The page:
Technology has expanded in an unprecedented manner. Today, we can instantly reach out to people oceans away. We connect over passions, beliefs, values, and even for business. The only thing separating us is our screen.
However, despite our unprecedented ability to connect with almost anyone sitting literally anywhere in the world, it feels like we are spiraling towards loneliness and a general sense of disconnect. Neither of us is connecting with each other in meaningful ways anymore.
Social media platforms began with the purpose of giving us the opportunity to connect with people around the world. It began with Facebook, evolved to Twitter, LinkedIn, then Instagram and Snapchat, and now even TikTok. We all leveraged LinkedIn’s professional community to get jobs, and meet the people who would help us launch our businesses. We used Facebook to educate and train people anywhere. We shared events of our daily life through pictures on Instagram, and then eventually even moved to promote products and selling them. The list goes on.
Social media gave us all the opportunity to get our message out to a broader audience – to reach exponentially more people despite political, social or cultural borders. More people led to more impact. Especially in the form of revolutions that toppled fascist regimes, and brought people together for a bigger, common cause.
However, amidst this sea of positives, social media also brought along isolation. It made us all into mini-celebrities, gave us a thousand friends, a platform to voice our opinions on topical issues. But it also left us with less personal, deep connections with the ones around us. We plug into social media by saying that we are strengthening relationships with the ones far away. But what about the ones in our homes? We are all networked well, but are we well connected? Are we really attuned to the realities of political crises happening in our neighboring state or the one far away? How much are we actually contributing to a cause through just ‘liking’ a post? Do we really care, or are we just trying to fit in a know-all world?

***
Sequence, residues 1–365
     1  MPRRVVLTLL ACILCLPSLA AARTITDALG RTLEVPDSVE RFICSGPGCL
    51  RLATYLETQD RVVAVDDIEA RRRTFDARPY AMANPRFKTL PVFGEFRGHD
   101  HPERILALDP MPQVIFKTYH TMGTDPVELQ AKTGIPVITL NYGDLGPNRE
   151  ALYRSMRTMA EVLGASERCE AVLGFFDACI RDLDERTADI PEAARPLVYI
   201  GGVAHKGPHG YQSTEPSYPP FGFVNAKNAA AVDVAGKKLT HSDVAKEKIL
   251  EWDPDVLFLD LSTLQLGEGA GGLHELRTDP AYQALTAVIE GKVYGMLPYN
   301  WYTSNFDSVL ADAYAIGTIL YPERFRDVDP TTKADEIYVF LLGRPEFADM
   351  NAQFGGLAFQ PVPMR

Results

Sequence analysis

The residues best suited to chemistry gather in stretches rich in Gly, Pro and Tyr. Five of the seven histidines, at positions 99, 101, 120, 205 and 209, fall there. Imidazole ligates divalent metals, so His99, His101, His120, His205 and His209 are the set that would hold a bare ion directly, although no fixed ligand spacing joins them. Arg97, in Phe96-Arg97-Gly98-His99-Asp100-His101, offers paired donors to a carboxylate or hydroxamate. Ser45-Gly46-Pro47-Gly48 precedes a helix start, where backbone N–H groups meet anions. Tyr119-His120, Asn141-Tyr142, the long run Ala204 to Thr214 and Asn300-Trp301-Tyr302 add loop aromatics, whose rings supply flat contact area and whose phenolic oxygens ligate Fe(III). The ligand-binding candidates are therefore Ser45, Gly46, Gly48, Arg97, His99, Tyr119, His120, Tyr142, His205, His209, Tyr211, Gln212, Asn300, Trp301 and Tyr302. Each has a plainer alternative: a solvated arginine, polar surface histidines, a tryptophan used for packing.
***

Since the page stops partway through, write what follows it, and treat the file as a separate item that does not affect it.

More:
In this digitally-connected society, it may seem like the only way to connect, engage, educate and reduce social isolation is to be more available on social media. However, to build meaningful connections, it’s essential to come out of the perceived comfort of our phones and engage with those in the world around us.
It’s imperative that we start making an effort to stop scrolling long enough to ask our partners how their day was. Engage in some awkward social banter with the neighbor or the grocery store owner. Join a club where members meet up in person once a week. Gain perspectives that are not solely driven by editorial coverage and long posts on Facebook. Use social media for the ones who are actually sitting oceans away. Consume news, but understand the finer points through face-to-face conversations with people around us. Social media is the greatest communication tool mankind ever created, but we have to stop it from becoming a replacement for actual human empathy and connection.